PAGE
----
One of the greatest stories every told, the Epic Mahabharata, has many lessons for every kind of person from every walk of life. For students, the story presents a stunning treasure trove of analogies, morals and life-changing takeaways to improve their studies, be clearer on their goals and find the right guidance to succeed in their journey.
Here are a few key takeaways for students from the Mahabharata:
1. Be an ever-learner
Take the example of Arjun in Mahabharata. He was always eager and ready to learn. He learnt the best of military science from Dronacharya, the art of using divine weapons from Indra and about Pashupatastra from Mahadev. Not just this, he treated Yudhishthir and Krishna as his mentors as well and continued to learn from them whenever they had anything to offer.
Every student should aim to be like Arjun. In fact, it is the duty of every student to make learning a continuous process. In today’s work culture, society and employers reward those who are always learning to improve.
2. Live What You Learn
Students read a lot of material but seldom apply it beyond exams. For example, in social science class or moral science class, one gets to learn how to behave, how to conduct oneself and interact with one’s peers. Acts of kindness, gratitude and compassion are things you might learn from multiple sources at school. Unfortunately, this knowledge remains limited to writing in exams and not beyond that because you don’t think about it beyond school. Real progress happens when we apply what we learn in our daily lives. In the Mahabharata, Krishna revealed the truths of life through the Gita to Arjuna and that is when he learns about the true nature of this world.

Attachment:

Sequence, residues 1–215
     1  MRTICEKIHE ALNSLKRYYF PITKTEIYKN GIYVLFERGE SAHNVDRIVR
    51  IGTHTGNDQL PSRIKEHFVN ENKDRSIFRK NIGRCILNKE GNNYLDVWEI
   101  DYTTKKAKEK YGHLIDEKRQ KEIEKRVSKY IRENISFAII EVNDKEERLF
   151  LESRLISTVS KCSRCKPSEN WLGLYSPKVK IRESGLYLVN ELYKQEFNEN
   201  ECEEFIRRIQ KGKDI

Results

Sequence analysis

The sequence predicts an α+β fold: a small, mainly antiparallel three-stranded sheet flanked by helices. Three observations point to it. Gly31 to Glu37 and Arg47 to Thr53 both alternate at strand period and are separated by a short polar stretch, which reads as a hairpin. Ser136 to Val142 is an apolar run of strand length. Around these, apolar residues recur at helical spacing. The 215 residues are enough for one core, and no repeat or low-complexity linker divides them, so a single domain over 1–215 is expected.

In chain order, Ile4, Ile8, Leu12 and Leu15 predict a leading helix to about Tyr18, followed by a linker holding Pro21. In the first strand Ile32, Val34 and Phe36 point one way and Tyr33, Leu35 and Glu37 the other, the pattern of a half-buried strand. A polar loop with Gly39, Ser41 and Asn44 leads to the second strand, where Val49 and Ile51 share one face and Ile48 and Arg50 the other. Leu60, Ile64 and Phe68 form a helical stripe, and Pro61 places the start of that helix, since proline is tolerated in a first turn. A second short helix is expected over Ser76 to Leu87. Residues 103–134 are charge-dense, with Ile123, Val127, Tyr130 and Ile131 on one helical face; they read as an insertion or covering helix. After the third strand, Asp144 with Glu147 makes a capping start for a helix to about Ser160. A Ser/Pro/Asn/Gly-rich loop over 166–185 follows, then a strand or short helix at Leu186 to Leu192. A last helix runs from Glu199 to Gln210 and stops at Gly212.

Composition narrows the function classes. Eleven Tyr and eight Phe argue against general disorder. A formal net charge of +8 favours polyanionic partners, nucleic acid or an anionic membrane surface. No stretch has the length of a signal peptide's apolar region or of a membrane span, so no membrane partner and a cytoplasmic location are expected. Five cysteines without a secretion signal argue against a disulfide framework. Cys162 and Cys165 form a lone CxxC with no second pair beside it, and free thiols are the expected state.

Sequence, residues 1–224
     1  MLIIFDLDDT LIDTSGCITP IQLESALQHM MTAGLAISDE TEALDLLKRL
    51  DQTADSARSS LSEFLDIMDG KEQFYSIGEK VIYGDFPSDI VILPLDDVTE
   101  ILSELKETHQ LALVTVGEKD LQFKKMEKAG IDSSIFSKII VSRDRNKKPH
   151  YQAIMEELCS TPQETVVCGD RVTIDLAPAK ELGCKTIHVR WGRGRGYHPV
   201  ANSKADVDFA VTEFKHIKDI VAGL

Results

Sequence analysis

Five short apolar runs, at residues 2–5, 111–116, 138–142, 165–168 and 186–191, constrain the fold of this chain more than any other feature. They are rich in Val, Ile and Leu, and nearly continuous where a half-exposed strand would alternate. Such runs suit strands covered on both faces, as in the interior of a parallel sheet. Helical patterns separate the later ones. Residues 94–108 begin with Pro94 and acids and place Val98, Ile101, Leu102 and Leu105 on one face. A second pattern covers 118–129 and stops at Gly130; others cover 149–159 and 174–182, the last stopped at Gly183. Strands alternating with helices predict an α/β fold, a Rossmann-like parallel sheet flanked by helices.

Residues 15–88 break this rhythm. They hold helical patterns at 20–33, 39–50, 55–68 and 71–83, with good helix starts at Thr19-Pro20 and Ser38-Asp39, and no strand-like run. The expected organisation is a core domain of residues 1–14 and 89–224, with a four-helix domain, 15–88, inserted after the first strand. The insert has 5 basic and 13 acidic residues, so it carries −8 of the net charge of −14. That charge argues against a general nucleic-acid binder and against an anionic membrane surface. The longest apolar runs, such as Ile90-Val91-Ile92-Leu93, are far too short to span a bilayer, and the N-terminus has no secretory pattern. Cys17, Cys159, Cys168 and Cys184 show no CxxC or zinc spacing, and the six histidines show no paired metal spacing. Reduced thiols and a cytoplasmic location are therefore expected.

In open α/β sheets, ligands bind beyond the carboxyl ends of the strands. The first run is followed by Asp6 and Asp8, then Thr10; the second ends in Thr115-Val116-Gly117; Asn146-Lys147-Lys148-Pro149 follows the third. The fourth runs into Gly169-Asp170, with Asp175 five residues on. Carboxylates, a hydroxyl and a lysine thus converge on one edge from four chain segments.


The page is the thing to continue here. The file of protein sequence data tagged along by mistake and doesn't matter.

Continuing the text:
3. Always believe in yourself
When Guru Dronacharya denied Eklavya the honour of accepting him as a student, Eklavya did not lose his spirit and neither his desire to learn archery. Instead he took the soil trodden by Dronacharya and sculpted a symbolic statue out it. In time, through sheer determination and belief, Eklavya became his No. 1 disciple. He was so good that the Guru had to ask him to cut off his thumb so that Arjun could become the best instead.
Without outside help or any extra coaching, Eklavya became the best because he was passionate about it. His motivation to learn was internal, Dronacharya was merely a medium. If you believe in yourself and have the will to learn consistently, you can score top rank not just in your class but even at a national level.
4. Choose what is right, not what is pleasurable.
In these days of social media and pleasant distractions, it is easy to get lost and lose yourself in momentary pleasures. With a click you can spend hours scrolling through social media when you should have been studying, or practicing something else. Distractions like social media and games are challenges that students face every day. The Mahabharata teaches us that even thought the problems seem insurmountable one has to go ahead and tackle them anyway if one wishes to accomplish one’s goals. So, if you want to rank higher in your class or clear that competitive exam, put the phone on silent immediately and start studying. In the epic, Arjuna wanted to put down his weapons and leave the war because he was not willing to slay his kin. It was only after Krishna explained the correct reasons to fight and motivated him, he agreed to go to war against his brothers, the Kauravas.
5. Practice makes perfect
Take the example of Eklavya and Dronacharya again. Through no formal training and only with a strong desire to learn, Eklavya trained to become better than the best. It was countless of hours of practice that made him the best archer around. Had he remained under instruction, he probably would not have become the Eklavya we know.
This is an important point for those who are appearing for competitive exams. It is a common problem seen with students that they neglect practicing mock tests and only focus on gaining more knowledge which results in them scoring less. Even with a teacher, only through practice can one become proficient.